In the past, the Arbitration and Conciliation Act served as the legal framework for ADR in Nigeria, but due to the rate of development globally, that act could not keep pace with current realities. The new Arbitration and Mediation Act (AMA) was finally enacted after being assented to by President Muhammad Buhari on 26 May 2023, and the Arbitration and Conciliation Act has now been repealed.
Fola Alade, a legal practitioner and one of the leading mediation attorneys in Nigeria, commented that, "With the Nigerian Arbitration and Mediation Act now in existence, we have left the era where lawyers will regard mediation with disdain. Now there is an urgent need for lawyers who are yet to get on the mediation train to do so – fast! This new Act has almost covered the entire scope of local and even international mediation practice. I say almost because there’s always room for improvement."
“The Arbitration and Mediation Act, 2023 will make Nigeria one of the leading countries in Africa in the development of alternative dispute resolution,” commented Oluwamayowa Olaoba, an associate at the International Trademark Association. “The country now has an adequate legal framework for ADR to address the current realities. This will attract foreign investors and will boost their confidence as they will be willing to invest knowing that, where disputes arise, they can be resolved amicably through arbitration or mediation.”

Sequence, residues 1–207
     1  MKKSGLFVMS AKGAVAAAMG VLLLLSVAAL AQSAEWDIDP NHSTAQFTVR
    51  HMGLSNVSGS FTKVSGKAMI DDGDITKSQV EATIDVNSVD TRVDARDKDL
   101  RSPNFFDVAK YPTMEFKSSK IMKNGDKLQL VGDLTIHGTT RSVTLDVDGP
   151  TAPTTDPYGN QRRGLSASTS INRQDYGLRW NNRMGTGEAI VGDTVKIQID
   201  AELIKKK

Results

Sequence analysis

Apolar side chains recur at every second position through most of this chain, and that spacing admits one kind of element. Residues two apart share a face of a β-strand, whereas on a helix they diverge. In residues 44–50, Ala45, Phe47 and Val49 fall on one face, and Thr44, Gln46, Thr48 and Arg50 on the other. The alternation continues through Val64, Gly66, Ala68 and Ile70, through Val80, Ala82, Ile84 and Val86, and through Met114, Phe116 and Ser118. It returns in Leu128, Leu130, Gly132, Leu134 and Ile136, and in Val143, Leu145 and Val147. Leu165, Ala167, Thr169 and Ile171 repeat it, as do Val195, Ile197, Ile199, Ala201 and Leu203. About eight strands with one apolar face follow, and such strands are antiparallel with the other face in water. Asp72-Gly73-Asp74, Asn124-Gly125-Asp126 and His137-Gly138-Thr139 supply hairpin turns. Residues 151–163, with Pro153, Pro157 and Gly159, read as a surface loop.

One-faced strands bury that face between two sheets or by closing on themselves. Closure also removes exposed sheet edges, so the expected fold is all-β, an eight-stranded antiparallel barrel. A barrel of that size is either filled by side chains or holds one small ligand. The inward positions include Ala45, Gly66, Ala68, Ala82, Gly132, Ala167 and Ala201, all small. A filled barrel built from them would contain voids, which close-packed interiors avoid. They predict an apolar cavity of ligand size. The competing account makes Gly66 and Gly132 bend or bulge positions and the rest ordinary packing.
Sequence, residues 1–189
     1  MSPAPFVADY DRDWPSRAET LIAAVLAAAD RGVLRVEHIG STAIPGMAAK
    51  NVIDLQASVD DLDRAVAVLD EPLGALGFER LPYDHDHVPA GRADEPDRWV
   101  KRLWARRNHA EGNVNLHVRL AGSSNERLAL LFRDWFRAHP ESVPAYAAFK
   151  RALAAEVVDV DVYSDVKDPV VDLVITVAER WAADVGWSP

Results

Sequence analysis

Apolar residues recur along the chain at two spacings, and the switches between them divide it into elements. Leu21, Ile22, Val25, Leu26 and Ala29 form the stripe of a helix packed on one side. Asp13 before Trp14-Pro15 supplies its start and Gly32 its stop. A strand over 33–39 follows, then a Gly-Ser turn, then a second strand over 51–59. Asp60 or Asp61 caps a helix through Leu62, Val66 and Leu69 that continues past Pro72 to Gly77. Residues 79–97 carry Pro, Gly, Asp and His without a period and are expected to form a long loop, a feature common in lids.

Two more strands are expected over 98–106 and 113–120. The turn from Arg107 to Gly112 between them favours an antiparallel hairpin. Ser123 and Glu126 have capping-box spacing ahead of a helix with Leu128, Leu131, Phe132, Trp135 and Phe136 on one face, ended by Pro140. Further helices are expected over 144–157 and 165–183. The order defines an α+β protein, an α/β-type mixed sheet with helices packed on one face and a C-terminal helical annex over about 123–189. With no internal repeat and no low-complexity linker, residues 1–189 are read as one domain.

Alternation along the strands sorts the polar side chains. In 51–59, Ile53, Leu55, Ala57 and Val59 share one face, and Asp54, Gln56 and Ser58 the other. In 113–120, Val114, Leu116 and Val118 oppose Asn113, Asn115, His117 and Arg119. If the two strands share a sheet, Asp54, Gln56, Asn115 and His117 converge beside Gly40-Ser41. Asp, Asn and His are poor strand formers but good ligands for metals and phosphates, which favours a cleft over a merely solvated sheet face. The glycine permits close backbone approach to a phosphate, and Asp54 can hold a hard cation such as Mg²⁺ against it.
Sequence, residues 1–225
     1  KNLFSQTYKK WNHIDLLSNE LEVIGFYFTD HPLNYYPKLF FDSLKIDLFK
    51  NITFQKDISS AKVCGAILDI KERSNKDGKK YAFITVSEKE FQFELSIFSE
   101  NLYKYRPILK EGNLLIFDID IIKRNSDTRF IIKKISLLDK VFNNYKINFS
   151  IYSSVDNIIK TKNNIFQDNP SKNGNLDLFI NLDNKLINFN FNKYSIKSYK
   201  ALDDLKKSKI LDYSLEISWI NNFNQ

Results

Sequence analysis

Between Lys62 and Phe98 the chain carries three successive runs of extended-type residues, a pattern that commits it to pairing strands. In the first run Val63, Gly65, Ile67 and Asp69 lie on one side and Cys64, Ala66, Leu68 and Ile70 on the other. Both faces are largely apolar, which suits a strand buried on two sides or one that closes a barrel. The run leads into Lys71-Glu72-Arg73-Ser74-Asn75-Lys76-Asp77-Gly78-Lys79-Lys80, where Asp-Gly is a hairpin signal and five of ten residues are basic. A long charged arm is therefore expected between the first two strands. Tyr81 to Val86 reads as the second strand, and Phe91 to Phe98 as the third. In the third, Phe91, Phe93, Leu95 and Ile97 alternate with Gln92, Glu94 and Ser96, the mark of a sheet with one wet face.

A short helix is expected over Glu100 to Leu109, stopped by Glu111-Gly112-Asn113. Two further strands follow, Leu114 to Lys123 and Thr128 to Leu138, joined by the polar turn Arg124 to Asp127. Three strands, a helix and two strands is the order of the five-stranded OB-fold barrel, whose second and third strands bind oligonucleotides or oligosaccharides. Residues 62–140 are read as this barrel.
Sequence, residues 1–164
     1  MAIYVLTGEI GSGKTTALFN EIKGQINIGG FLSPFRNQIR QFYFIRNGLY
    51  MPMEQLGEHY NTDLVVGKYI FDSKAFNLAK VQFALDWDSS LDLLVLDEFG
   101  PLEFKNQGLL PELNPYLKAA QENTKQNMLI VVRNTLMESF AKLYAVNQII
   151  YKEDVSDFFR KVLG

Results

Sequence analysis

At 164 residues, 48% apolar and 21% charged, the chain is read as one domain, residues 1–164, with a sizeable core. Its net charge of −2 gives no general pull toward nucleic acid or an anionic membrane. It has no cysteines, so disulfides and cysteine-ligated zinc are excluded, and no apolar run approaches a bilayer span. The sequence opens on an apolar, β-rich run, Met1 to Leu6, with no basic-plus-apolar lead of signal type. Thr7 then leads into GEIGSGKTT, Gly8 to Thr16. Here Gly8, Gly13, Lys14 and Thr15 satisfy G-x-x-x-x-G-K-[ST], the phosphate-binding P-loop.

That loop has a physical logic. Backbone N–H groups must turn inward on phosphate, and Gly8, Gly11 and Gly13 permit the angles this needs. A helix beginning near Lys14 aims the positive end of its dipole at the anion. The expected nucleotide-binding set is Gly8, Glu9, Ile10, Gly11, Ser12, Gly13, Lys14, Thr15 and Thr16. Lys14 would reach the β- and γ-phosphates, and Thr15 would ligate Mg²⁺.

There has been an obvious need for strong self-regulation on arbitration and ADR practice in Nigeria, and a need to advance constructive and progressive legislation in this field. This new dawn for ADR can largely be attributed to the efforts of the National Committee on the Reform and Harmonisation of Arbitration & ADR Laws which has been working towards this point since 2005.
"AMA has brought with it a lot of innovations,” noted Olaoba, “including the introduction of the Arbitration Review Tribunal, considering that very few countries have such a tribunal. The review tribunal serves as an appellate body to ADR tribunals. Although some experts said it would cause complications as there would be prolonged hearings if a party is not satisfied with arbitral awards, thus defeating the purpose of arbitration, it will help to improve the finality of arbitral awards. Moreover, it serves as a review board where an arbitral award can be reviewed when a party is not satisfied with the settlements reached.”
Abdullahi A. Haroon, a Nigerian legal practitioner, said that, in his view, "The Arbitration and Mediation Act, 2023 comes with a number of significant innovations in line with international standards and best global practices, one of which is that non-Nigerians can be appointed as arbitrators and, subject to the agreement of parties, an arbitrator can also go on to act as a mediator in resolving the dispute.”
Apart from the socio-economic significance of the Act, it will help shape the future of ADR in Nigeria and will serve as a motivation for other African countries to follow suit.
To learn more about the dispute resolution landscape in Africa, read Africa Legal’s recent report on the subject, commissioned by the UK Ministry of Justice. From established arbitration centres to the adoption of mandatory court-annexed mediation, the continent is shifting gears, but challenges persist. Clickhereto download the report.
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